he following rules might broadly be challenged these days but their legitimacy in the distant past was considered as obvious (The Code of Hammurabi, 2010): (1) the sexuality of women should be given up to guarantee legality; (2) the assets of the family should be managed by the male members; and (3) women, particularly divorcees and widows needed the help of society (http://www.wsu.edu/~dee/MESO/CODE.HTM).
Most women were supposed to marry and raise a family. A reasonable set of love poems would indicate that women did enjoy some authority, but marriage, theoretically, was fixed by their brothers or fathers. As stated in the Hammurabi Code, an agreement was required to perform a marriage. According to the few that exist, the agreements stated primarily what would occur if the matrimony ended through abandonment or divorce, or death, but other passages might let off each from the prenuptial obligations of the other or even oblige the bride to work as a slave to her husband’s mother (Meyers, 1991). The major article to be discussed was the amount of the bride price:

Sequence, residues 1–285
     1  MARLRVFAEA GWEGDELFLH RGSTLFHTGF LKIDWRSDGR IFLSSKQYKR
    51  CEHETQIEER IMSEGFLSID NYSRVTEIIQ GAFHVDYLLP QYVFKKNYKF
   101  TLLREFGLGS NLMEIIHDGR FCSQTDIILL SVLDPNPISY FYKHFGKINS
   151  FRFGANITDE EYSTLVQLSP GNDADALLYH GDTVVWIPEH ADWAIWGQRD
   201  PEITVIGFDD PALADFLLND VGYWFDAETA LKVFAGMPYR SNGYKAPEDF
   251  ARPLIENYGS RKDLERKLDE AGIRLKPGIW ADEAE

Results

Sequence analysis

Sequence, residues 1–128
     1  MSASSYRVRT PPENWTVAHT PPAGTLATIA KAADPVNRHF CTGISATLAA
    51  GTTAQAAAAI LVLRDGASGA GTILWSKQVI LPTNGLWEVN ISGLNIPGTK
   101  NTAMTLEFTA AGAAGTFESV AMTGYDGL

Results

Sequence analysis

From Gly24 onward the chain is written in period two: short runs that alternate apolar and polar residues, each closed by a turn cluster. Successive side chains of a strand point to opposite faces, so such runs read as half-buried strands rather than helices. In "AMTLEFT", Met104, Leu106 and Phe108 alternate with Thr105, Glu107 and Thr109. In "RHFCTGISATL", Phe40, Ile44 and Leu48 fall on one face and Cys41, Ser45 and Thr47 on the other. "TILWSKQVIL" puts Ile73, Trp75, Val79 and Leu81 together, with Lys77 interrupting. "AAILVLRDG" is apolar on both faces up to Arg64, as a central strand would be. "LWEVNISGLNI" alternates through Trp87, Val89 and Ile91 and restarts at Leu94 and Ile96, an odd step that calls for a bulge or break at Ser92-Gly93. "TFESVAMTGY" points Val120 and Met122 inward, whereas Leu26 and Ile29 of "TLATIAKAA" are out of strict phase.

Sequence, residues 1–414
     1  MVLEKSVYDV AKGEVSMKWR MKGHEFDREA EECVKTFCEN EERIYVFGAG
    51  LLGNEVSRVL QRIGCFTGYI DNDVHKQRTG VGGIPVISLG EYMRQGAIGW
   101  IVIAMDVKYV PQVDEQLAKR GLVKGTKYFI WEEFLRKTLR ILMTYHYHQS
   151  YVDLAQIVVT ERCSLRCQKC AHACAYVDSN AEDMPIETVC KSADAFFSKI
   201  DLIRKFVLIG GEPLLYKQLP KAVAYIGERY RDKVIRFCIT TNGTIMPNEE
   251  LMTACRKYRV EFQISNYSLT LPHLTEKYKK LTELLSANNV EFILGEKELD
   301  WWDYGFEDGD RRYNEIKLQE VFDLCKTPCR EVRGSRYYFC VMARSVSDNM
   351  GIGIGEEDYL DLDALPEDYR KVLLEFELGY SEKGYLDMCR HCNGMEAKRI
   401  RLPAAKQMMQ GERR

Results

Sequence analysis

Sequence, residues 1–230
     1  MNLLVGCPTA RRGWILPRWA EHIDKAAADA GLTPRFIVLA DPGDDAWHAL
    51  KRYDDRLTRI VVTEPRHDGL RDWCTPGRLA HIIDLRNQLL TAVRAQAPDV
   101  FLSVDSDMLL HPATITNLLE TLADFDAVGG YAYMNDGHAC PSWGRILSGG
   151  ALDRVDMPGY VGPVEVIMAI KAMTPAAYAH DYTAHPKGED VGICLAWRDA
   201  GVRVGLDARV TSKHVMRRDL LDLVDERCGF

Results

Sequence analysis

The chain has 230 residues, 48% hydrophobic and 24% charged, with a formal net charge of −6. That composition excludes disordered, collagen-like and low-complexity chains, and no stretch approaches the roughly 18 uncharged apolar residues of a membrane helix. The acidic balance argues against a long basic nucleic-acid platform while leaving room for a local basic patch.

If a woman who lived in a man’s house made an agreement with her husband, that no creditor can arrest her, and has given a document therefore: if that man, before he married that woman, has a debt, the creditor cannot hold the woman for it. But if the woman, before she entered the man’s house, had contracted a debt, her creditor cannot arrest her husband therefore (151).
It is well-known that unsophisticated societies made use of bride price to pay off the family of the bride for labor loss and Israelite culture limited it to a symbolic amount as a sign of engagement. The bride price in Babylonia constantly became piece of the dowry (Meyer, 1991). The bride price, depending on socioeconomic standing, could embody a considerable wealth transfer, possibly several hectares of land and house—however, at the lower socioeconomic hierarchy it might have been little more than a piece of home decoration